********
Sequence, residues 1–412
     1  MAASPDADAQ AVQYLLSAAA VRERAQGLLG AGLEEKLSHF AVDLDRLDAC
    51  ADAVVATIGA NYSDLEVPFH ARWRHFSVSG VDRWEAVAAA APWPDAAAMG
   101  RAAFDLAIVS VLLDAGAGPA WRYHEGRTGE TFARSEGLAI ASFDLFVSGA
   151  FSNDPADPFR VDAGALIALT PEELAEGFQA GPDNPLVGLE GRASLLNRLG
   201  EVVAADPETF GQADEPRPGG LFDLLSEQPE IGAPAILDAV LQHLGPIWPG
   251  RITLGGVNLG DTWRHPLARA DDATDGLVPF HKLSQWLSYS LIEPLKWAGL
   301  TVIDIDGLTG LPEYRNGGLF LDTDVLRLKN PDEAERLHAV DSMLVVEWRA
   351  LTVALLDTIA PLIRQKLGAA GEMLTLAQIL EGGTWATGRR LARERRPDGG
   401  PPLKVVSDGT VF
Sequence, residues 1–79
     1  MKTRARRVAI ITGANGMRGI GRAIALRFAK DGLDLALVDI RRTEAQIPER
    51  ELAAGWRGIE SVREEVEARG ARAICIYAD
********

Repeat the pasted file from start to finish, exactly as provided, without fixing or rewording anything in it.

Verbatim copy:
Sequence, residues 1–412
     1  MAASPDADAQ AVQYLLSAAA VRERAQGLLG AGLEEKLSHF AVDLDRLDAC
    51  ADAVVATIGA NYSDLEVPFH ARWRHFSVSG VDRWEAVAAA APWPDAAAMG
   101  RAAFDLAIVS VLLDAGAGPA WRYHEGRTGE TFARSEGLAI ASFDLFVSGA
   151  FSNDPADPFR VDAGALIALT PEELAEGFQA GPDNPLVGLE GRASLLNRLG
   201  EVVAADPETF GQADEPRPGG LFDLLSEQPE IGAPAILDAV LQHLGPIWPG
   251  RITLGGVNLG DTWRHPLARA DDATDGLVPF HKLSQWLSYS LIEPLKWAGL
   301  TVIDIDGLTG LPEYRNGGLF LDTDVLRLKN PDEAERLHAV DSMLVVEWRA
   351  LTVALLDTIA PLIRQKLGAA GEMLTLAQIL EGGTWATGRR LARERRPDGG
   401  PPLKVVSDGT VF
Sequence, residues 1–79
     1  MKTRARRVAI ITGANGMRGI GRAIALRFAK DGLDLALVDI RRTEAQIPER
    51  ELAAGWRGIE SVREEVEARG ARAICIYAD